In (and out of) Bruges

On Tuesday 1 September, 2009, we finally watched the film In Bruges (2008), starring Colin Farrell, Ralph Finnes and Brendan Gleeson. The film brought back invaluable memories of the city. (We spotted the window dog!)

On Wednesday we left Luxembourg City for Bruges. It was a long train ride but we finally made it. Our trip so far has been characterized by alternating days with rain and sun. It is therefore unsurprising that Wednesday we had a rainy day but today was fiercely hot. I have previously thought people who wear sunglasses somewhat pretentious and think themselves ultra important; I have now seen the light (or rather, the shade) when it comes to sunglasses.

While at the Gothic conference, I noticed how the word ‘liminal’ was used in many of the papers I attended. It occurred to me that all of the places associated with travel (hotels, restaurants, train stations) can be considered liminal. Then, it occurred to me even our life is itself a liminal state between living and dying.

We arrived in Bruges on Wednesday afternoon. The city is nearly faultlessly beautiful.

However, as it is high season, the city is overrun with tourists. This takes away from its beauty to a certain extent. But it is always like this to travel: many people need to choose between the calm but bleak Winter and the jovial but busy Summer.

Our hotel, Hotel Lucca, is located about five minutes walk from the Markt. The hotel is in a beautiful old building which has seen better days. As such, it feels trapped in another time; old-style European accommodation caught in the modern era:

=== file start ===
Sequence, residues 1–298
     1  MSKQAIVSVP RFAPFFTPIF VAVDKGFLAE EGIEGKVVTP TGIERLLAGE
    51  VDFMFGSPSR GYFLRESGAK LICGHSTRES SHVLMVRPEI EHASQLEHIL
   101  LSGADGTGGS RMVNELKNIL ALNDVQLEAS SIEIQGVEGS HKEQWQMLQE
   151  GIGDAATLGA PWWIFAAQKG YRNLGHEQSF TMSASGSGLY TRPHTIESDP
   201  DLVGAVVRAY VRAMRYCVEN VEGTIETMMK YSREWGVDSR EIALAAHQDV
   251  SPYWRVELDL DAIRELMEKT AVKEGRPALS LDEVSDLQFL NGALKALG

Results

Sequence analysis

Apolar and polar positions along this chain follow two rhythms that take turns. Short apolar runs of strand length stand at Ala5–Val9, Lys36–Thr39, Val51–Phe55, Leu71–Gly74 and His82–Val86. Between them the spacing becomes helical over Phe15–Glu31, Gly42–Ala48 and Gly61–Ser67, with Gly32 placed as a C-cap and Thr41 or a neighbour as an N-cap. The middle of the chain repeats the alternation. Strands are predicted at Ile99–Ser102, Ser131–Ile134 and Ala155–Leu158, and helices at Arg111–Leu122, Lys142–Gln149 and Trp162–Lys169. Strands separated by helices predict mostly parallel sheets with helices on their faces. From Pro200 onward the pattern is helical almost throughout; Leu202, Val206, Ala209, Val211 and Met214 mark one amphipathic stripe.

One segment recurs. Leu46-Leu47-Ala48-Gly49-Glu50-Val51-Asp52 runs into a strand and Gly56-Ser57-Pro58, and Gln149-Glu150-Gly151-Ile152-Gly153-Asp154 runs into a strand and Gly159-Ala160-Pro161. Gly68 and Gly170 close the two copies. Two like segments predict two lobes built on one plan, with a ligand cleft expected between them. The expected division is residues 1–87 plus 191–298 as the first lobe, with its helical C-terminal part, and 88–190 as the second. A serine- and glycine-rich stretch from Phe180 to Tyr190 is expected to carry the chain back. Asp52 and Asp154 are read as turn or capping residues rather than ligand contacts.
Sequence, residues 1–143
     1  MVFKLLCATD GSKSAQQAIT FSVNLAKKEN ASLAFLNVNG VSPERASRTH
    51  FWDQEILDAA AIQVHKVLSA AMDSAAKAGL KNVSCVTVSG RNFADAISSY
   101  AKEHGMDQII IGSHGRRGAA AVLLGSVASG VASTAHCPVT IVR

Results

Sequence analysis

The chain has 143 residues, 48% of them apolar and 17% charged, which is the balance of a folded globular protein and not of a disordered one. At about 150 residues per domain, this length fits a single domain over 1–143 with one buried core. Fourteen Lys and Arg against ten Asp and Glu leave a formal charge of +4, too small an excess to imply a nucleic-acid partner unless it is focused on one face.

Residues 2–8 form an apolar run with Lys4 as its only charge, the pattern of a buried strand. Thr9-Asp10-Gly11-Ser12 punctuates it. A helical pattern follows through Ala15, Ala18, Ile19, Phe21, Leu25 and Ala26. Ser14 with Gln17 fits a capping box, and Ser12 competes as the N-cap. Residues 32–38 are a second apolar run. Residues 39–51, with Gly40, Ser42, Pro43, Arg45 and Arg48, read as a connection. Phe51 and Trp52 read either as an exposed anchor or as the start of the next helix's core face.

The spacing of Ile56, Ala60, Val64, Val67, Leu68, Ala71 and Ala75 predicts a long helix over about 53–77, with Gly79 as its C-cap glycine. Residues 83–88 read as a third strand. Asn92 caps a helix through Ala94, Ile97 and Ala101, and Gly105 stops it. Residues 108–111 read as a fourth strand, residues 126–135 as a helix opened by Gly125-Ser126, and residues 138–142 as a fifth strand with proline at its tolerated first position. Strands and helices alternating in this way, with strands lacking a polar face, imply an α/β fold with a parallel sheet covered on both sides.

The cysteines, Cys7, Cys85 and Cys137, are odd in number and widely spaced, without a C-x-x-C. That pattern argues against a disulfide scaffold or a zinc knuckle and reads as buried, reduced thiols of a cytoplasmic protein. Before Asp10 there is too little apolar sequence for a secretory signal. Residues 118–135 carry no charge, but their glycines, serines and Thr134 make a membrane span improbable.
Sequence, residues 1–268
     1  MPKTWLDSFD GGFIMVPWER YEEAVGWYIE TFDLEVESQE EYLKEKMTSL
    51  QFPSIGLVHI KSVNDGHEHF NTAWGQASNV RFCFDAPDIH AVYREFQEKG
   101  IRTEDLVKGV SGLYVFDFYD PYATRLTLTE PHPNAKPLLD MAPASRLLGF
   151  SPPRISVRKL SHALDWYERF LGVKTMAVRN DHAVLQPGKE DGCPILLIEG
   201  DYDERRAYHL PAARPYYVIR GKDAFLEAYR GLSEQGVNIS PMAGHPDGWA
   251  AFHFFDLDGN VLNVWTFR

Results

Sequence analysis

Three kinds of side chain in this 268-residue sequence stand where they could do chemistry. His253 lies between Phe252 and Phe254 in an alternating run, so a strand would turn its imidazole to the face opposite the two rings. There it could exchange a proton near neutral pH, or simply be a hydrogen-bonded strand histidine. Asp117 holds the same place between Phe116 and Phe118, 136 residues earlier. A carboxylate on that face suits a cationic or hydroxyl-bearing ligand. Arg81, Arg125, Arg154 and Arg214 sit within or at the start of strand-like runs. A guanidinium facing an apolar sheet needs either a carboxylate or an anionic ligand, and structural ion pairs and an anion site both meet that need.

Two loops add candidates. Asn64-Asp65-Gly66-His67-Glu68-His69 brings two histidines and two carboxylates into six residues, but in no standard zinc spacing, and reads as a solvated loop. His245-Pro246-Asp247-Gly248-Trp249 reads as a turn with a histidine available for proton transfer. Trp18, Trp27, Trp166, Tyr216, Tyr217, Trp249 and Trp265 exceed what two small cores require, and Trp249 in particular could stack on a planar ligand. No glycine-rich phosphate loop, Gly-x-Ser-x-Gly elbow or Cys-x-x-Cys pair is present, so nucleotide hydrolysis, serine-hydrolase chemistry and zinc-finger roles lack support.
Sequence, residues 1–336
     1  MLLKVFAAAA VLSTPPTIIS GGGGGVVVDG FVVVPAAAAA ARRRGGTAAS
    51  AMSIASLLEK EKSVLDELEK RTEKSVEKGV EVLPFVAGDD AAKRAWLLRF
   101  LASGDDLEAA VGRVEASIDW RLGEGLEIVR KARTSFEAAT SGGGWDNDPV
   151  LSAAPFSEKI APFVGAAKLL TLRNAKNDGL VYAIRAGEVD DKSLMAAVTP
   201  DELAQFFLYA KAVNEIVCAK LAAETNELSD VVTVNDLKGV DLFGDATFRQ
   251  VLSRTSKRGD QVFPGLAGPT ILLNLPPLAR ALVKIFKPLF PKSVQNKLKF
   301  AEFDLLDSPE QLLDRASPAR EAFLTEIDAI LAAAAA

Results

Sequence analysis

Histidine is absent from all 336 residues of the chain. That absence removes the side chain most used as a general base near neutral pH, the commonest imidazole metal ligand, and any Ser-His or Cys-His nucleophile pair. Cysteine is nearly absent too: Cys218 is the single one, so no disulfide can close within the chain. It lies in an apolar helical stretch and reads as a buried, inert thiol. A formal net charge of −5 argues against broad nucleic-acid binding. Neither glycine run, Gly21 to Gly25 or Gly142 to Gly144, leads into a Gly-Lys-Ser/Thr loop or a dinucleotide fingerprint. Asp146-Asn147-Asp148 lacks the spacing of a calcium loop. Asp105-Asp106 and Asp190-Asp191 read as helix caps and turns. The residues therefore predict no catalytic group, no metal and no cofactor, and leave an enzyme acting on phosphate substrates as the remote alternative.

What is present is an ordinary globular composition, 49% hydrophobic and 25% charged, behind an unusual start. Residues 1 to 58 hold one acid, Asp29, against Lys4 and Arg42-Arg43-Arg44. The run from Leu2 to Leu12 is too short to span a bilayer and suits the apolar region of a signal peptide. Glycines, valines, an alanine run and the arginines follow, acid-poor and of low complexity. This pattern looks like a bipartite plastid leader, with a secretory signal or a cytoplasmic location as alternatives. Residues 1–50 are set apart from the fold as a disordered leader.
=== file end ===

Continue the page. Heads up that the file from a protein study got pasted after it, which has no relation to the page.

Likewise, certain parts of the hotel are contained in newer shells, as the eighteenth-century neo-classical exterior conceals a fourteenth-century cellar where guests have breakfast. The hotel, we later learnt, was a lodge for merchants. It was also associated with Giovanni Arnolfini, the banker whose wedding is featured in Jan van Eyck’s famous painting, ‘The Arnolfini Marriage’:

The rooms are old-fashioned but have their charms. Because the keys are skeleton keys, a handsomely-prepared scrapbook in the hotel lobby includes this less than helpful piece of advice: “Tourists spend hours fumbling with old skeleton keys in rickety hotel doors. The haphazard, nothing-square construction of old hotels means the keys need babying. Don’t push them in all the way. Pull the door in or up. Try a little in, quarter turn, and further in for full turn. Always turn the top of the key away from the door to open it. Some locks take two key revolutions to open.” In fact, all you need is patience and roughness; perhaps this is contradictory, but is nevertheless the key to these keys.

Last night, as Jeff went out for a walk, I could hear competing concerts from my hotel window. (Jeff later told me that there were two shows going on at the same time.) Here’s the view from our window:

The music went on until late and unlike in other cities we have visited so far, a lot of people still congregated in the Markt after dusk. There were also a large number of people on the streets relatively early this morning. This is in noticeable contrast to for example Maastricht where the streets were absolutely empty at this hour.